Teapacks fails to push button in Eurovision semifinals

Israeli band doesn't make top ten; Serbia wins song competition.

By NATHAN BURSTEIN
May 13, 2007 00:14
1 minute read.
Teapacks fails to push button in Eurovision semifinals

teapacks eurovision 298.. (photo credit: AP)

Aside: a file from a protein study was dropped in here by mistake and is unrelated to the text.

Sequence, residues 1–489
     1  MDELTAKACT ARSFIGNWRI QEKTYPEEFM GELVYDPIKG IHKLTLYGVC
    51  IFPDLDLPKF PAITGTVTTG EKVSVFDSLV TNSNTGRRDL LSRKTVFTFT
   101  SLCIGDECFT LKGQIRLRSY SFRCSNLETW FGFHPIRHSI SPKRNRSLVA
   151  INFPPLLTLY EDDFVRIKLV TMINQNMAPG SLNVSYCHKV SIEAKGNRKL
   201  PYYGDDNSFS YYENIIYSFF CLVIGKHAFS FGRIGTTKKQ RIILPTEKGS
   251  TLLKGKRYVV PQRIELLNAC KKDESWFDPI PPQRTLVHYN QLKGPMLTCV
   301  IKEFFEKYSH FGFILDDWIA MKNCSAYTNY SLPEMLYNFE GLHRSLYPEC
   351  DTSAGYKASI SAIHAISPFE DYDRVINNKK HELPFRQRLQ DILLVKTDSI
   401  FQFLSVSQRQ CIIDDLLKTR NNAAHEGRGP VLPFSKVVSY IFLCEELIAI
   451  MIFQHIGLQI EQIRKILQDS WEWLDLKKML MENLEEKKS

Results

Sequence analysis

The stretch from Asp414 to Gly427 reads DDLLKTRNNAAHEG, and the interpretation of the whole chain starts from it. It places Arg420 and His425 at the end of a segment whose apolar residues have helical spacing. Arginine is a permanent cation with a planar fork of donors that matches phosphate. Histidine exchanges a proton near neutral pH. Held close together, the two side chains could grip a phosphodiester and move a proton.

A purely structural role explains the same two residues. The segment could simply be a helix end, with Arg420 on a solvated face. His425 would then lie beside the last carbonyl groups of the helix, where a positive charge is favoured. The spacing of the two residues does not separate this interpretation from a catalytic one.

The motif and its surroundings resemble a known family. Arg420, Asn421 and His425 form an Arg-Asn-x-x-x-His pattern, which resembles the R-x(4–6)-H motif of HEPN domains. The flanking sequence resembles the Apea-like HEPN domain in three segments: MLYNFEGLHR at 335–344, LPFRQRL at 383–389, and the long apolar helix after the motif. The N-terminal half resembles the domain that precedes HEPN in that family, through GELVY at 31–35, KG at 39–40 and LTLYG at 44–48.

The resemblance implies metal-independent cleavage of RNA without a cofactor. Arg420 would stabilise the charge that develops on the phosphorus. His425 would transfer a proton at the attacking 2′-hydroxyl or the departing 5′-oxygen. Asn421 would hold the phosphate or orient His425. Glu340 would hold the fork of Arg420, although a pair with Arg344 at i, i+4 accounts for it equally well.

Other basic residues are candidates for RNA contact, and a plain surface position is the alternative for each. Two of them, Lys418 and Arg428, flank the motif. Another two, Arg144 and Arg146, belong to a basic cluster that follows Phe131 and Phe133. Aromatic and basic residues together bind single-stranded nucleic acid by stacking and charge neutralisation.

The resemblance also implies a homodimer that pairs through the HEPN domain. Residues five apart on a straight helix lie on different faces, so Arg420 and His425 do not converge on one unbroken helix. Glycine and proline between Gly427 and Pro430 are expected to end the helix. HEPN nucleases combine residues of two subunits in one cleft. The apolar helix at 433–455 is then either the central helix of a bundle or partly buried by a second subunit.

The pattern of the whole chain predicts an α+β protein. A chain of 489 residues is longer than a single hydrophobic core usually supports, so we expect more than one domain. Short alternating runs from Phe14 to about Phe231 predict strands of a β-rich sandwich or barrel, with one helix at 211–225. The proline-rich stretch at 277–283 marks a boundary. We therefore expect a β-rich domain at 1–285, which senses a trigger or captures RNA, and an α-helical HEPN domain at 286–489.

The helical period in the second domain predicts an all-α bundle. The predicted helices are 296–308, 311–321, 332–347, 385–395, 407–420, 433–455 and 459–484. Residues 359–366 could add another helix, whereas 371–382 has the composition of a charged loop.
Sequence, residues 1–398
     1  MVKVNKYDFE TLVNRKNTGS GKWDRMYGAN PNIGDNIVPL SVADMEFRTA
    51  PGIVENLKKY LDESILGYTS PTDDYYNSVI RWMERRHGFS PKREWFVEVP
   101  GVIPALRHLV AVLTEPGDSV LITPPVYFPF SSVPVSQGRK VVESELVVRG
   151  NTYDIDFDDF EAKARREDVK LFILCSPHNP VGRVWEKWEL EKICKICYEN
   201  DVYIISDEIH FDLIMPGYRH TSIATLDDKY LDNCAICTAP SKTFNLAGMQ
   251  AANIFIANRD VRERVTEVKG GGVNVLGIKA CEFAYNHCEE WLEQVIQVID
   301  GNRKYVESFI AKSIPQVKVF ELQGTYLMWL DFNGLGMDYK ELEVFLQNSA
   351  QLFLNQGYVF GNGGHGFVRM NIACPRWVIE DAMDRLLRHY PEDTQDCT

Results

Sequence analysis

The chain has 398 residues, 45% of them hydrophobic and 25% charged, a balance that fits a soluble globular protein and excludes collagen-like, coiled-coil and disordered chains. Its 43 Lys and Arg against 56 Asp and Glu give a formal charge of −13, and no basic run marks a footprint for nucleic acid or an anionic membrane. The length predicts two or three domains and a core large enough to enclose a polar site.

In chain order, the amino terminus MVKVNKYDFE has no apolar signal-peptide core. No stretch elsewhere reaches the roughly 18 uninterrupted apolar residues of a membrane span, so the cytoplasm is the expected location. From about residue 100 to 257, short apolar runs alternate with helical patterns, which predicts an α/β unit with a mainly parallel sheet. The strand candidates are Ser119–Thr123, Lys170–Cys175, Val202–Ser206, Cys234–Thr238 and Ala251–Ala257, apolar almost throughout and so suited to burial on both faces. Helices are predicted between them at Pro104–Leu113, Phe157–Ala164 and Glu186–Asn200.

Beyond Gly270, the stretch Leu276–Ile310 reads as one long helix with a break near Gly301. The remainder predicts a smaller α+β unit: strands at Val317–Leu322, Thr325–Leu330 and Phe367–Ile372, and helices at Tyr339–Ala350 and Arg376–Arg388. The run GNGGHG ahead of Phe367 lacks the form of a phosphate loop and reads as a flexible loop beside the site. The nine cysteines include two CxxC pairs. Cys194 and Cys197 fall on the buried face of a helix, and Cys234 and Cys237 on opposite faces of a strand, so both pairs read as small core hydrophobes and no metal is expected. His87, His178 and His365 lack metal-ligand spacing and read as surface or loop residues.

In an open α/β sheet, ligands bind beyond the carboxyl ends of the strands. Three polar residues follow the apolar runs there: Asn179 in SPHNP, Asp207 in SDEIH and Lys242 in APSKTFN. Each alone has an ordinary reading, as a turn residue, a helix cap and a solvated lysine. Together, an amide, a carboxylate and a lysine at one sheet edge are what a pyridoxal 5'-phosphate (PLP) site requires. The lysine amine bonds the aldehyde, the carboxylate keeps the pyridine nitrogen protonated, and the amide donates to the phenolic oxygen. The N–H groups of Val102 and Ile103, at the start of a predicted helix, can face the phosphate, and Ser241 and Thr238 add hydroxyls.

The 2007 Eurovision Song Contest proved short - and not very sweet - for Israel's representatives Thursday night, with veteran pop band Teapacks getting eliminated alongside 17 other countries in the competition's semi-finals in Helsinki. "We're disappointed, but we enjoyed ourselves," lead singer Kobi Oz, told the YNet Web site. Israel's bid for its fourth Eurovision victory had run into the trouble even before Teapacks' January selection as Israel's representatives. Anastasia Michaeli, a broadcaster for one of the country's Russian-language channels, earned widespread condemnation while serving on the selection committee by reportedly telling her fellow panelists that Israel should avoid choosing a performer with an "Arab look" - a remark apparently made in reference to another prospective performer, Jewish Mizrahi singer Liel. Two months later, the Finnish hosts of the 2007 contest threatened to ban Israel because of the "political" nature of the Teapacks' song, a satirical anti-war number called "Push the Button." And last weekend, Oz and his bandmates threatened to walk out of the contest after its Finnish director changed the video art accompanying the group's stage act. Oz stayed conciliatory in his post-competition remarks Thursday night, praising the rest of Israel's Eurovision delegation and even paying tribute to the Finnish director with whom he'd battled earlier in the week. The Israel Broadcasting Association, the body responsible for choosing the country's Eurovision entry, will undoubtedly retool its approach before next year's contest. With the exception of Shiri Maimon's fourth-place finish in 2005, Israel has performed poorly at Eurovision in recent years, placing 23rd in 2006 and failing to reach the finals in 2004. The country's most recent victory, its third, came in 1998 with "Diva," a disco-ready song performed by transsexual pop star Dana International. This year, another gender-bending performer, Ukrainian drag queen Verka Serduchka, was considered a favorite for victory before Saturday night's final. An estimated 100 million TV viewers across Europe were expected to tune in, with the winner set to join the ranks for previous Eurovision victors, including ABBA and Celine Dion. Contest results were announced after press time.


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